In March, Quinn got a standing ovation and compliments galore when he appeared before the Illinois Education Association. On Wednesday, members of the same union heckled him over his budget proposals.
Lawmakers greeted him like a long-lost brother when he took over in January from disgraced Gov. Rod Blagojevich. But they're showing no such enthusiasm for his proposals to raise taxes and cut services, or for the strict ethics laws his reform commission has suggested.
Quinn was sworn in on Jan. 29. Friday marks his 100th day in office -- a period when he has wrestled with a massive deficit, a deep recession, swine flu and worries about government corruption.
"Most governors in all their terms, four or eight years, haven't had as many challenges as I've had," Quinn said Thursday in an interview with The Associated Press. "I'm tested under pressure."
There's no doubt that he has shaken up Springfield, bringing a new governing style to the Statehouse and dominating the agenda. But it's not clear yet what results he'll get.
Quinn acknowledges May will provide a major test as lawmakers decide which of his ideas to accept before wrapping up their spring session. He rejects the possibility that he might be treated the same as some past governors, when personality conflicts, turf battles and conflicting political agendas resulted in legislative leaders shoving them aside.
"People may disagree. That's their right," Quinn said. "But I think the atmosphere, the environment is such that we will come to a meeting of the minds on these very challenging problems that really have to be resolved."
His political future may hinge on what he can accomplish this month. He says he plans to run for a full term.
If he emerges from the legislative session battered and weak, he could face a major challenger -- such as Attorney General Lisa Madigan -- in the February primary for governor. But if he emerges with much of what he wants, including a voter-friendly public works program, Quinn would be in a much stronger position.
He entered his new role as governor facing a classic good news, bad news situation.
The good news was that pretty much all of Illinois -- from legislators to state employees to voters -- was thrilled to be rid of Blagojevich, who was arrested on federal corruption charges and then removed from office after years of gridlock and bitterness in Springfield. Quinn entered office with an enormous supply of goodwill.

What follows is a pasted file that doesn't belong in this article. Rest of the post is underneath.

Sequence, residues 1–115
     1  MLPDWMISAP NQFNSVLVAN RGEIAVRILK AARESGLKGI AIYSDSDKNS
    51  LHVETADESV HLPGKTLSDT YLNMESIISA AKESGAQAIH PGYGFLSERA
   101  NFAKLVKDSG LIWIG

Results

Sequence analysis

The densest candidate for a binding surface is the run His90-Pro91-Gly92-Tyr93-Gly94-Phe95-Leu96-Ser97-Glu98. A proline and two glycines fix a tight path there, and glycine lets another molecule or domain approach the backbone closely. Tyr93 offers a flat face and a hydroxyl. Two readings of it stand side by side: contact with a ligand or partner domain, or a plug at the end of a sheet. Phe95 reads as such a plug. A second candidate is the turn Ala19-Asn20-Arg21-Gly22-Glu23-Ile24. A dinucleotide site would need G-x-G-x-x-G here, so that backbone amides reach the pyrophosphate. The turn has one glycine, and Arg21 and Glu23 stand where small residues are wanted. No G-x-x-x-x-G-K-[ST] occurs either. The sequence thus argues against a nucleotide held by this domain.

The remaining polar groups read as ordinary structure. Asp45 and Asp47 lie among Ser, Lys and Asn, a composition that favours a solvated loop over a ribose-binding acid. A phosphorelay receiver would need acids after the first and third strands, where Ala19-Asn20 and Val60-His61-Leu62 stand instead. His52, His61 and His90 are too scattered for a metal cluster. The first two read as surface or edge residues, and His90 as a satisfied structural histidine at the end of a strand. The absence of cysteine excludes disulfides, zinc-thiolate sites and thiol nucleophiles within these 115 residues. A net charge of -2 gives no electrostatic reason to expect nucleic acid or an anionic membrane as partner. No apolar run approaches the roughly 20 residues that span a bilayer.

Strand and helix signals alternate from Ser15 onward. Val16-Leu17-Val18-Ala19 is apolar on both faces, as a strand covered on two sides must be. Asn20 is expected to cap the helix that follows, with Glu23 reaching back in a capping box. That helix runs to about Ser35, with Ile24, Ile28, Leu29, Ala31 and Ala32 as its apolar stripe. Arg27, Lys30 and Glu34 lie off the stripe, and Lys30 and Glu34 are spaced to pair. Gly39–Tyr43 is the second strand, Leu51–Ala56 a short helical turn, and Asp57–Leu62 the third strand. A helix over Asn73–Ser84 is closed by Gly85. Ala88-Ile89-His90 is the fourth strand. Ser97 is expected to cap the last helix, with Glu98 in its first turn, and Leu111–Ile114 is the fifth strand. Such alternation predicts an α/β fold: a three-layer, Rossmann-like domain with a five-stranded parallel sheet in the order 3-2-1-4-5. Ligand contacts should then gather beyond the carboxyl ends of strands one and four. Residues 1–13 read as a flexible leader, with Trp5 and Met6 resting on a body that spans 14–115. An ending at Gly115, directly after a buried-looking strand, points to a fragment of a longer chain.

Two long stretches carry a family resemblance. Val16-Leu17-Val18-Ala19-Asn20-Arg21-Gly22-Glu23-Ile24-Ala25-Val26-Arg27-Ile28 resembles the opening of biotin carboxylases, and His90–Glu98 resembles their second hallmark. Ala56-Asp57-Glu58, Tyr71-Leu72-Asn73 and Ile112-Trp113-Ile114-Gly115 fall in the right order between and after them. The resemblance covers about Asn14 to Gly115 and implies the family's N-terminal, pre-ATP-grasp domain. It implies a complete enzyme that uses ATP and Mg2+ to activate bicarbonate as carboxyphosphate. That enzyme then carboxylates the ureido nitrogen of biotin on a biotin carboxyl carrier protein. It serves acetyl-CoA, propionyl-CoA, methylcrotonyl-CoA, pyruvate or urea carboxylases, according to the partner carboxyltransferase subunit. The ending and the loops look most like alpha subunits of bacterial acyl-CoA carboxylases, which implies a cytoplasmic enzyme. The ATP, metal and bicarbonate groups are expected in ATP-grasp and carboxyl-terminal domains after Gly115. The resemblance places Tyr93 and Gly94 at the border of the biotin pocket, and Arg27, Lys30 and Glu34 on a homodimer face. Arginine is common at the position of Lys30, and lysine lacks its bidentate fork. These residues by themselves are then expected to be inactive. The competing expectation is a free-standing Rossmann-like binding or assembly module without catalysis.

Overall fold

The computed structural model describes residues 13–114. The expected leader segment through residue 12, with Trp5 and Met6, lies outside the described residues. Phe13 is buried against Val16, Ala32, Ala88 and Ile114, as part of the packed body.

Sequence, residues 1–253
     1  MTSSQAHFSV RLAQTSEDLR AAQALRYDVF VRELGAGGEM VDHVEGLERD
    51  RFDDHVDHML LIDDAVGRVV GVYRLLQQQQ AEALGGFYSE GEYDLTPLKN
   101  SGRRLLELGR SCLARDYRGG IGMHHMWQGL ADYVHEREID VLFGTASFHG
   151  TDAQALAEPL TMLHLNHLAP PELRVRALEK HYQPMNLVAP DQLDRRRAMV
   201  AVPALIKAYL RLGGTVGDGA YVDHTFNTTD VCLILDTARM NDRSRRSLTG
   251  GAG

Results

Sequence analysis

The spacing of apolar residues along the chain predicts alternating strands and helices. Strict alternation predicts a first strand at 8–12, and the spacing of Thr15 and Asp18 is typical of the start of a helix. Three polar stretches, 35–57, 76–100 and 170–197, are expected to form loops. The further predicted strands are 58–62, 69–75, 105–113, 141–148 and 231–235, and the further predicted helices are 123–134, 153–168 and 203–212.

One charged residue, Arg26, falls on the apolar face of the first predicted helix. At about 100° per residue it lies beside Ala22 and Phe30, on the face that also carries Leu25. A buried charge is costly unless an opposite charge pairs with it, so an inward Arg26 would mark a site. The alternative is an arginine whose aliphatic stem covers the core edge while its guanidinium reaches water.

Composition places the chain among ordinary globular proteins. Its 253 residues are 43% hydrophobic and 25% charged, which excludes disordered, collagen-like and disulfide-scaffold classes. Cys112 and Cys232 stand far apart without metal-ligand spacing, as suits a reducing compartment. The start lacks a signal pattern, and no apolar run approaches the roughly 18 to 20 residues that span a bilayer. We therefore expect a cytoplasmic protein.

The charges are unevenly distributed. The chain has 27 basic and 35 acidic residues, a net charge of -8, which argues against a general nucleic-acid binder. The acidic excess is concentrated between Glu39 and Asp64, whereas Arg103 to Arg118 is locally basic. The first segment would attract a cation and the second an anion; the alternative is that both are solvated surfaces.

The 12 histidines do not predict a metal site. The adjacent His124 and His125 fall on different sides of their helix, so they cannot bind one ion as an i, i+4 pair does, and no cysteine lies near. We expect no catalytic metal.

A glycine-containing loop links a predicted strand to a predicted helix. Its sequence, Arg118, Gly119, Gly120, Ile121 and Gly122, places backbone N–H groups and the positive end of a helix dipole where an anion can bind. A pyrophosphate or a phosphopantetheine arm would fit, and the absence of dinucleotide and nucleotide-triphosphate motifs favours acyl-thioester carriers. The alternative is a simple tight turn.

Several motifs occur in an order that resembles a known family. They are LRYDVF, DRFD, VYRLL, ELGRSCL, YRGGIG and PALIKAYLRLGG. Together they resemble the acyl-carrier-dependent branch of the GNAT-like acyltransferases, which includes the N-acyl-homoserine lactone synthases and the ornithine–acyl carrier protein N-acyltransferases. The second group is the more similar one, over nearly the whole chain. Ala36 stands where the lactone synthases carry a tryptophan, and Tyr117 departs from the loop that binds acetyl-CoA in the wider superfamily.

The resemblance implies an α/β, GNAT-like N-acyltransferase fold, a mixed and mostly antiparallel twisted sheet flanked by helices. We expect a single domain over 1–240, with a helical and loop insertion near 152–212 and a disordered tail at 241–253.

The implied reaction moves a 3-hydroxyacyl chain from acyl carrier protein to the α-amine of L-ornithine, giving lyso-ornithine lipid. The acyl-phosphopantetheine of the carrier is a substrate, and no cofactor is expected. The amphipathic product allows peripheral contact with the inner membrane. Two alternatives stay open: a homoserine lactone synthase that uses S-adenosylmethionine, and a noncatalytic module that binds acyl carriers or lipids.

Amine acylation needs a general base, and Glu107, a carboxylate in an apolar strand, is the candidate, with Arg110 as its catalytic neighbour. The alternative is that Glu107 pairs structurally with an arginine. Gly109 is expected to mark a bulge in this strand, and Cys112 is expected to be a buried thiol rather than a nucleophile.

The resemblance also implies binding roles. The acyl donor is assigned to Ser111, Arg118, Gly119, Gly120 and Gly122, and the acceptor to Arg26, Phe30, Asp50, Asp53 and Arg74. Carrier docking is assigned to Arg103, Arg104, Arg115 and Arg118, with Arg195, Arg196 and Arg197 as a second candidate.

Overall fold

The bad news was that state government faced a deep recession, the worst budget crisis in its history and general scorn from voters.
Andrew McKenna, chairman of the Illinois Republican Party, says Quinn has responded to the crisis the same way Blagojevich would have. He criticizes Quinn for proposing an income tax increase (comparing it to Blagojevich's failed effort to impose a "gross receipts" tax on business) but not seeking major spending cuts.
"It seems to me that the name has changed but the results are the same," McKenna said.
Other Republicans offer a more charitable assessment.
Doug Whitley, head of the Illinois State Chamber of Commerce, complimented Quinn for opening up the governor's office by meeting with lawmakers and interest groups from across the political spectrum. Quinn has shown leadership by tackling the budget deficit, statewide construction needs, ethics and more, he said.
Still, Whitley -- who explored a run for governor earlier this year -- said Quinn hasn't closed the sale on his ideas yet.
"I don't see a General Assembly convinced that Pat Quinn's solutions are the ones they want to embrace," Whitley said.
Quinn has been criticized on several fronts -- for keeping some former Blagojevich aides in key posts, for nominating a 29-year-old with no law enforcement experience to run the state police, for flip-flopping on how Barack Obama's vacant Senate seat should have been filled.
But all that has been minor. He has avoided anything approaching real scandal.
Meanwhile, he succeeded in getting lawmakers to approve a small-scale public works program meant to create quick construction jobs while negotiations continue on an even larger program.
And he took advantage of the spotlight that comes with the governor's office by making one public appearance after another. He celebrated Easter with children, appeared at news conferences to talk about swine flu, crisscrossed the state to promote his budget plan and confronted Statehouse rallies critical of his proposals.
"What I wanted to do from the outset, right away, was get to every corner of Illinois and let the people, the voters, know there was a new governor with a new style and a new approach -- a new style, a new substance, too," Quinn said.
"I think we were successful in that," he said. "Today, everywhere I go, people are happy that I'm the governor and my predecessor is not."